dunwater

Well-Known Member
An interesting and well-reasoned reply predicated on several assumptions that are not valid.
1. We left the EU, and are not under the jurisdiction of that directive.
2. The commercial game market in the UK accounts for very little of the shooting done in the UK. Perhaps it should account for more, but it doesn't. Most game is consumed without passing through a commercial food chain.
3. At EU level, might be important in Ireland but really is not relevant outside the EU.
4. Non-toxic shot may be the direction of travel in the US, but it certainly is not the norm. The majority of products in the US are lead shot and that is despite over 40 years of going non-toxic. The UK has a fairly large domestic market for shotgun cartridges and evidently is sufficiently large to be viable. I doubt UK manufacturers export much anyway. You then go on to say that lead shot would be a minority of UK sales, but it isn't - and that is for the sole reason that there is no equivalent non-toxic load. Which brings you back to my point that this whole lead-replacement campaign is a fraud. What you describe doesn't look like a great business plan because you've used a whole lot of bull to construct it.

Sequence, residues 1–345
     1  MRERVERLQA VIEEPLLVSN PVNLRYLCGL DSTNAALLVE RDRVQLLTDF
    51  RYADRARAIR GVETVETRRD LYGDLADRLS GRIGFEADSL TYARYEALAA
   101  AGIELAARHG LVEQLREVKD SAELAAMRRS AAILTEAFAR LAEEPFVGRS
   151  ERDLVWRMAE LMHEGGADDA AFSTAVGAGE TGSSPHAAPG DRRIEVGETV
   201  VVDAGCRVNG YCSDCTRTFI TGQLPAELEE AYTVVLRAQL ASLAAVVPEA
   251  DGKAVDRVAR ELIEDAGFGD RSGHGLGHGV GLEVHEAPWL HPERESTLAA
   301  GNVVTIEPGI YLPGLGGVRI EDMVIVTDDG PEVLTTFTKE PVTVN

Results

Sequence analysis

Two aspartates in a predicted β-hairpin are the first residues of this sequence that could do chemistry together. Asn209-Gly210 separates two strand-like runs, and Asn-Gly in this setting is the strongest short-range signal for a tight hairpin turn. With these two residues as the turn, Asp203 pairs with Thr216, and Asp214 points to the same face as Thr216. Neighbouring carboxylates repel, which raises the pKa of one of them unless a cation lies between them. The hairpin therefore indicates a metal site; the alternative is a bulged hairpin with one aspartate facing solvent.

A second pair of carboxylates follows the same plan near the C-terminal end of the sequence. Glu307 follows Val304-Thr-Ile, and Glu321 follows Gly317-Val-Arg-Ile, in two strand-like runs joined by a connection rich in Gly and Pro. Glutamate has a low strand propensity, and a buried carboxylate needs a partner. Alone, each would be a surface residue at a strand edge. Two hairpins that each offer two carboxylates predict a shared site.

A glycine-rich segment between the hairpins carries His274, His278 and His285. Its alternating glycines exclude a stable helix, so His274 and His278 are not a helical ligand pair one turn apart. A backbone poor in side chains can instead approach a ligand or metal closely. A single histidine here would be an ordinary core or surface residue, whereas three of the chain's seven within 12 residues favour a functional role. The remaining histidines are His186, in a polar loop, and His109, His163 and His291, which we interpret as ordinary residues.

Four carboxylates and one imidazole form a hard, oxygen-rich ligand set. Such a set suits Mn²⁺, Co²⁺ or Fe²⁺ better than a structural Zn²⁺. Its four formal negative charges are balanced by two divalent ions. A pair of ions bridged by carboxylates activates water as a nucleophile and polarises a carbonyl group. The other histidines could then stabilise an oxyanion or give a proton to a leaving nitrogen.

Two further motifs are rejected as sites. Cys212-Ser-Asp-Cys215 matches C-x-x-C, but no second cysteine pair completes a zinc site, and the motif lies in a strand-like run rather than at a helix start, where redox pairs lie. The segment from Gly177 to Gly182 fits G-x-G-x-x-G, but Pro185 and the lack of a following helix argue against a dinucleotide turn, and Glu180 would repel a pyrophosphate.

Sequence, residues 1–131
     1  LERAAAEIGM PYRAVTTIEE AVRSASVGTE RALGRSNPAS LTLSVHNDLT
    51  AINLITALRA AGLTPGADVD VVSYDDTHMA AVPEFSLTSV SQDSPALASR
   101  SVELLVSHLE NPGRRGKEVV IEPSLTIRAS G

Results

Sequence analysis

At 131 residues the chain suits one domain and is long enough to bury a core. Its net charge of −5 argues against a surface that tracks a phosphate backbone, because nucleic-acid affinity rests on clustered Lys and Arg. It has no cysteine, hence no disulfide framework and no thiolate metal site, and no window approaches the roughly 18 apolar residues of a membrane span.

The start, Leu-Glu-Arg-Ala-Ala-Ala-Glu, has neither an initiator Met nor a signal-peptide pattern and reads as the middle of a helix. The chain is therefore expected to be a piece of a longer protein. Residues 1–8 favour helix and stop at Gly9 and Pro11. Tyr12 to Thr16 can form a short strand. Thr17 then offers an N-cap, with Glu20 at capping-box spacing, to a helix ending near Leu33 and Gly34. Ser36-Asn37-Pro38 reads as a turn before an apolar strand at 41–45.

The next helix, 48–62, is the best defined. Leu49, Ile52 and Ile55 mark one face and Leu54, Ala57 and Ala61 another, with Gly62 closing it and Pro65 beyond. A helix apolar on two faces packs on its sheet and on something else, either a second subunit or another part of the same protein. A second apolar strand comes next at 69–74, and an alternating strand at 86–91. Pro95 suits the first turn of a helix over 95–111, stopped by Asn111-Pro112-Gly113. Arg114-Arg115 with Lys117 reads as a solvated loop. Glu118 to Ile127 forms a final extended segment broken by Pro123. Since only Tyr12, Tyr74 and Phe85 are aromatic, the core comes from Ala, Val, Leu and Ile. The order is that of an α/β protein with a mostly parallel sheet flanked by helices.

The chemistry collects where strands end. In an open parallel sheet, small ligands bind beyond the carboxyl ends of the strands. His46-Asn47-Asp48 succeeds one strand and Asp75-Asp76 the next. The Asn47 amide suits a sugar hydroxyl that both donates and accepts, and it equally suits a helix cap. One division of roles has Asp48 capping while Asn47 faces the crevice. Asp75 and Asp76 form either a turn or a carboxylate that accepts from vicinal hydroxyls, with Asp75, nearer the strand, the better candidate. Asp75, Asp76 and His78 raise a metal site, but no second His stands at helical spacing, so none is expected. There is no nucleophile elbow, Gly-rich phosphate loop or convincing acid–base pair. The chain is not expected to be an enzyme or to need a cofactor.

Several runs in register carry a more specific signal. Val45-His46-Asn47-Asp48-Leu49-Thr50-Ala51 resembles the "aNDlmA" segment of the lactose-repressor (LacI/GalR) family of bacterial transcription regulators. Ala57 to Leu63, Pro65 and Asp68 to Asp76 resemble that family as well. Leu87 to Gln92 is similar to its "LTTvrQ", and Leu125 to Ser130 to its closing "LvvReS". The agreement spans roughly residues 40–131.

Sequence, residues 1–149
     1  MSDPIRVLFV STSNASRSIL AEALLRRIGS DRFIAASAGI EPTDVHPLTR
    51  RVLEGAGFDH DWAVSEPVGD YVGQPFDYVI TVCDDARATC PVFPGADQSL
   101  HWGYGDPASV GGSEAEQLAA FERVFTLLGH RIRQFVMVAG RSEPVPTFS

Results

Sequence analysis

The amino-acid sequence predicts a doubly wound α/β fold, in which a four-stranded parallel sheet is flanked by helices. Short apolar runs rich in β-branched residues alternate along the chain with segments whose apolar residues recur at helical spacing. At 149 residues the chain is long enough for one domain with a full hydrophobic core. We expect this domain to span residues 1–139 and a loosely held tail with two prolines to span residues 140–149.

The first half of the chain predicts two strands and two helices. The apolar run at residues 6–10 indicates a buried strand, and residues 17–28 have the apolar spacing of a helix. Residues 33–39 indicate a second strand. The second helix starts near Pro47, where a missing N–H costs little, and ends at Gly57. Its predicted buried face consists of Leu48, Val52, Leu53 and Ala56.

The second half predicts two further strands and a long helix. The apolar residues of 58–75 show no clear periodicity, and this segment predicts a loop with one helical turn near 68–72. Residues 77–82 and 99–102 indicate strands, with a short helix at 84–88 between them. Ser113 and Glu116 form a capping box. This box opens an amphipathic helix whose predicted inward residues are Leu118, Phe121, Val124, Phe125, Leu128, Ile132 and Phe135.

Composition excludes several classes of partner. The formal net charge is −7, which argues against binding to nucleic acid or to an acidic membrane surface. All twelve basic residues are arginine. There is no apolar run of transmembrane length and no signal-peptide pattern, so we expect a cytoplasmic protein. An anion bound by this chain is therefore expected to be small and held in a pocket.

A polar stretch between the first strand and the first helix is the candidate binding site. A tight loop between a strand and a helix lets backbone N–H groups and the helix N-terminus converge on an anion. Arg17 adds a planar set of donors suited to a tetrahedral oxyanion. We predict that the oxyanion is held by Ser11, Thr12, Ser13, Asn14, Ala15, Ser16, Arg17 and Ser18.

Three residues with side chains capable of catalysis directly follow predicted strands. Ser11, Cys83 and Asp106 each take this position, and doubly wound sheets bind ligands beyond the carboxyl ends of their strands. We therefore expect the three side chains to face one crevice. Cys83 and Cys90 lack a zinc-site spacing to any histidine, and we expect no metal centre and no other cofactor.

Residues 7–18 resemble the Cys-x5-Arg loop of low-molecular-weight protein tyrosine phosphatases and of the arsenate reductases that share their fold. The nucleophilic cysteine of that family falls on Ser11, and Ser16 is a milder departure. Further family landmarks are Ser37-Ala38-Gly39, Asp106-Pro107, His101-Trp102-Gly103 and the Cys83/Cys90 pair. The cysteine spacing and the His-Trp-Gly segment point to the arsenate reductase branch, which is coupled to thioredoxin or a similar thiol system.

5. I'd prefer to have a choice too, and I really don't see any good reason at present for not having a choice.
6. The loss of lead is a serious issue for many people, but having not yet been hit by it - too many are accepting at face value the PR spin put out by the likes of BASC, and supporters of this absurd policy - important elements of which are entirely factually false and misleading. While people believe lies they tend not to be displeased with them, it's only when the truth sinks in......